On Saturday (19 Nov) Prime Minister Narendra Modi inaugurated the month-long Kashi Tamil Sangamam in Varanasi, which is meant to serve as Bharatiya Janata Party’s entry into Tamil Nadu. The Varanasi event could have a tremendous political impact thousands of kilometers away in Tamil Nadu.
The BJP is using the cultural heritage of Tamil Nadu in an aggressive way, which has put the state’s ruling party, Dravida Munnetra Kazhagam, and its allies in a tough spot.
While Modi’s speech at the function would boost Hindutva followers as he quoted Tamil scriptures, the speech of Uttar Pradesh Chief Minister Yogi Adityanath, in which he claimed that “both Sanskrit and Tamil originated from Lord Shiva”, has already evoked controversy in Tamil Nadu.
Both PM Modi and CM Adityanath bowed before the religious leaders from Tamil Nadu who sat on the stage. The video and photos of them are doing rounds in the state. Moreover, 2,500 school/college students from all districts of Tamil Nadu will be travelling to Varanasi in special trains for the event, a collaborative effort of the Indian Institute of Technology-Chennai and Banaras Hindu University. Music maestro Ilaiyaraaja performed in an orchestra taking stanzas from Rudram’s mantra.
BJP and its leaders are relying on Tamil culture to make inroads into the state. And it is paying dividends as well. The ‘Look South’ policy of BJP is to go on the offensive, a decision taken at the Hyderabad National Executive. Since May 2022, Modi has visited Tamil Nadu four times. Union Minister Amit Shah makes it a point to touch down in at least one Tamil Nadu district whenever he visits any southern state. What does it indicate? The carpet bombing style of 45 central ministers zeroing in on Tamil Nadu, hopping up from one district to another, is reminiscent of its 2019 ‘Look East’, through which the BJP managed to win Tripura and some seats in West Bengal. Its strength in Lok Sabha received a boost of 25 MPs from the east. Now, in 2024, the BJP is keen to replicate its success with a ‘Look South’ policy.
The picture on the other side is rather gloomy.
Chief Minister and DMK present M.K. Stalin said last month that the actions of some of his party leaders were giving him “sleepless nights”. “Every morning I get up with the hope that our people would not have created any trouble. Sometimes, I am not able to sleep. You can realise it by seeing my body and health condition,” he reportedly said.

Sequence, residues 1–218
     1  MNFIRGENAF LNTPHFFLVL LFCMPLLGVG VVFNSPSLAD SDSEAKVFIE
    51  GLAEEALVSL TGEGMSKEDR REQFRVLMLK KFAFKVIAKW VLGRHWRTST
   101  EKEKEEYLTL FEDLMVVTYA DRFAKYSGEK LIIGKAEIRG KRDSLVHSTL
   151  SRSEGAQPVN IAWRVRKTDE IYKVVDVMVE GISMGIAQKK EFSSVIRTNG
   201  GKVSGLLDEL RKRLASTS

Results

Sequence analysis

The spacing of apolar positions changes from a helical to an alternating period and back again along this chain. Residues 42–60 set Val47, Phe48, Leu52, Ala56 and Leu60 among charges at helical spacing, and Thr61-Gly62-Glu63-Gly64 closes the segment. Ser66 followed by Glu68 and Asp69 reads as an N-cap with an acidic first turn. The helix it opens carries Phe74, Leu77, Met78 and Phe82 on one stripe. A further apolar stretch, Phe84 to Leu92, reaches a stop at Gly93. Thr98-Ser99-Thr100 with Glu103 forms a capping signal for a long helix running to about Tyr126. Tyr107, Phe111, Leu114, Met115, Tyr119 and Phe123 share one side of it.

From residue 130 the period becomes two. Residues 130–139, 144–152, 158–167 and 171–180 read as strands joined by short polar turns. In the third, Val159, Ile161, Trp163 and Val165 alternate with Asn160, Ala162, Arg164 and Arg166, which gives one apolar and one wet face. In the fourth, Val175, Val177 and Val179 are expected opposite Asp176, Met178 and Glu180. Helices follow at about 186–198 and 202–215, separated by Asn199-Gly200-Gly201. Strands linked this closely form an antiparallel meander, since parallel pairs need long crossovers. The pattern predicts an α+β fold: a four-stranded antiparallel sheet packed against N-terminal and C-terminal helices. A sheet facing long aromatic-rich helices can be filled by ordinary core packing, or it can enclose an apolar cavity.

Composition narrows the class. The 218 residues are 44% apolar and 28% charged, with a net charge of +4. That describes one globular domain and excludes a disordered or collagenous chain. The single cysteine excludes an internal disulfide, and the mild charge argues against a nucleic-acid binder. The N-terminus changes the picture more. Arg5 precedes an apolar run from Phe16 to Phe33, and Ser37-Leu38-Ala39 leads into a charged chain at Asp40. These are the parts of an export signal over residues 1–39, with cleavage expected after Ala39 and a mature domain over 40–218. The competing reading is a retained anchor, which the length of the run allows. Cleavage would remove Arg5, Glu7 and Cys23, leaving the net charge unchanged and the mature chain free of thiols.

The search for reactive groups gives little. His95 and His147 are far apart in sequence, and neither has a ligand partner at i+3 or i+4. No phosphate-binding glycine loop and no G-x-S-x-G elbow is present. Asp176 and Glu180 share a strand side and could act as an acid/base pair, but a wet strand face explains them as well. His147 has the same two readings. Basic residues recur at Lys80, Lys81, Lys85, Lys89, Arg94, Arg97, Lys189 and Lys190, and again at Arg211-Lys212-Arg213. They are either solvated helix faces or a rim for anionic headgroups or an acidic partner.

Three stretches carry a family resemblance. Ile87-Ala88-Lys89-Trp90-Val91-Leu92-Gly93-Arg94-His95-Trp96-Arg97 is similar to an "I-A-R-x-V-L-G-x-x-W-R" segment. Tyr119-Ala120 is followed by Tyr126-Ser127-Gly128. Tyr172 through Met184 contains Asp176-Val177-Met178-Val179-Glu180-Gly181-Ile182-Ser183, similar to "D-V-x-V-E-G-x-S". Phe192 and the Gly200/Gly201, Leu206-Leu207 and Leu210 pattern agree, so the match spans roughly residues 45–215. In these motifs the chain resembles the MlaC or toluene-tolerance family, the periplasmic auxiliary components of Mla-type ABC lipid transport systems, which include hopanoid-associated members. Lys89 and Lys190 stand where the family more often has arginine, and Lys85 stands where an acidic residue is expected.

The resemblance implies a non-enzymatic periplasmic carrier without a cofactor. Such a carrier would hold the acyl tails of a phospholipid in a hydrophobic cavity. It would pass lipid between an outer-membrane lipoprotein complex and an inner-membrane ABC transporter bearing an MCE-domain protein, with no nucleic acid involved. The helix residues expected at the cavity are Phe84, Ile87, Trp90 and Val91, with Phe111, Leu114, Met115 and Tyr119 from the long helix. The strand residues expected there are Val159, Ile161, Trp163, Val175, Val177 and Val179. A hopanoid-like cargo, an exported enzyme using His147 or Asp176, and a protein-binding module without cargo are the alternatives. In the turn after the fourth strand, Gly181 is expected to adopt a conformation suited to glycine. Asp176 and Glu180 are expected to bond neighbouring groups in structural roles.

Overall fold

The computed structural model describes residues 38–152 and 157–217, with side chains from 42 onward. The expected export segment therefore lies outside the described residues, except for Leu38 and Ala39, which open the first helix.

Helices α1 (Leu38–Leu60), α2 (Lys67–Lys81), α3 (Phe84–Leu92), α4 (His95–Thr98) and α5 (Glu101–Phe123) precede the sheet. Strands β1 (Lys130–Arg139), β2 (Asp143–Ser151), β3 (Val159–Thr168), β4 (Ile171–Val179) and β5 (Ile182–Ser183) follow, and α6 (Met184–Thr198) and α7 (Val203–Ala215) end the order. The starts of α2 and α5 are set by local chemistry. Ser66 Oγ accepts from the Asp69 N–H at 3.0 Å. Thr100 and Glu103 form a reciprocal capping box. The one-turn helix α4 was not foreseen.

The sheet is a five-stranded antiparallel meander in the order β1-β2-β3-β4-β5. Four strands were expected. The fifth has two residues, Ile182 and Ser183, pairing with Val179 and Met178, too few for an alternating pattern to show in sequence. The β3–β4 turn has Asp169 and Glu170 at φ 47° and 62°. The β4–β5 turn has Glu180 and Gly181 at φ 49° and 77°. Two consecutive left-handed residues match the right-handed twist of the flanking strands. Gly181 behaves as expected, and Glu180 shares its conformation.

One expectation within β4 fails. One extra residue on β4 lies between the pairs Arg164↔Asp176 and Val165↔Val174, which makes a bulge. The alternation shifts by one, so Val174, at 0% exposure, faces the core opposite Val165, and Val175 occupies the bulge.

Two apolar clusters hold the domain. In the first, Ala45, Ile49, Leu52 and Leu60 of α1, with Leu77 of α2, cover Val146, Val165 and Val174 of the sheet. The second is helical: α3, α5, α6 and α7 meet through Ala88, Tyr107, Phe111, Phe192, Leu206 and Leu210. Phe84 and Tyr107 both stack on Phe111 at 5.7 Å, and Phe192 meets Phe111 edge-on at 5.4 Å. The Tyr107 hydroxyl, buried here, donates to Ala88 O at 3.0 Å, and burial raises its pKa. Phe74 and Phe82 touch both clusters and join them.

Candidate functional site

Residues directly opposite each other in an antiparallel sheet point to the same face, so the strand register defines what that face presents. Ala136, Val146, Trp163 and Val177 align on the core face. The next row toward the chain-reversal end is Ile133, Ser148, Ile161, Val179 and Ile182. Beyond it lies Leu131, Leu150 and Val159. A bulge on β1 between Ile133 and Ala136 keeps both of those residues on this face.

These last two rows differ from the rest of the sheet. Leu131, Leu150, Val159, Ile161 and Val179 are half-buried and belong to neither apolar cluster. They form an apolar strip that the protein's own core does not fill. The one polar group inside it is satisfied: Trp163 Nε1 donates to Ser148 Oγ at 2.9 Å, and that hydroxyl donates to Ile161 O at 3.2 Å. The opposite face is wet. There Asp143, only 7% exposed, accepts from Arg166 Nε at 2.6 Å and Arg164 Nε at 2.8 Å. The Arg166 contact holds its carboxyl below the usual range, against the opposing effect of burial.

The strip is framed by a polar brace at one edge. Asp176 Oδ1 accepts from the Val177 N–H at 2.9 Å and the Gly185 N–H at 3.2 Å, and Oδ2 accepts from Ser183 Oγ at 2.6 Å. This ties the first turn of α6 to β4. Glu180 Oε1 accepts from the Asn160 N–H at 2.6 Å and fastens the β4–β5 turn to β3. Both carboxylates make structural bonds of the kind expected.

It’s a remark on DMK’s internal strife. Sharp criticisms are hurled against each other, an example of which was seen recently.
Tamil Nadu Finance Minister Palanivel Thiaga Rajan said that the co-operatives department lacked transparency and that he was not satisfied with its functioning. Minister for Cooperation I Periyasamy hit back, saying that the people of Tamil Nadu are satisfied.
The DMK is also grappling with dynast issues. Stalin’s son Udhayanidhi allegedly holds influence over the younger section of DMK ministers. And there have been reports that Stalin would induct him into the government soon. This could likely cause resentment among the old timers in the party. The 2024 Lok Sabha election and the 2026 Tamil Nadu assembly election will be testing times for the DMK.
The AIADMK is in deep trouble. After the death of Jayalalithaa, the party has been split into several factions. Its current situation is similar to Shiv Sena’s, where two factions are fighting for the ‘bow and arrow’ election symbol.
Both Shiv Sena and AIADMK are looking for relief from the Election Commission. Needless to say, the arm-twisting of these two parties by the BJP can’t be ignored.
DMK General Secretary Durai Murugan said in a public meeting that the BJP’s growth in Tamil Nadu is not good for Dravidian politics. The politics of Tamil Nadu is now taking an interesting turn.
With stalwarts like Jayalalithaa, Karunanidhi no more in Tamil politics, Rajinikanth taking sanyas from spiritual politics, Kamal Hassan’s political career unable to take off, the BJP seems ready to fill the space. It seems all is going well for the BJP and its ‘Look South’ policy is on the right track.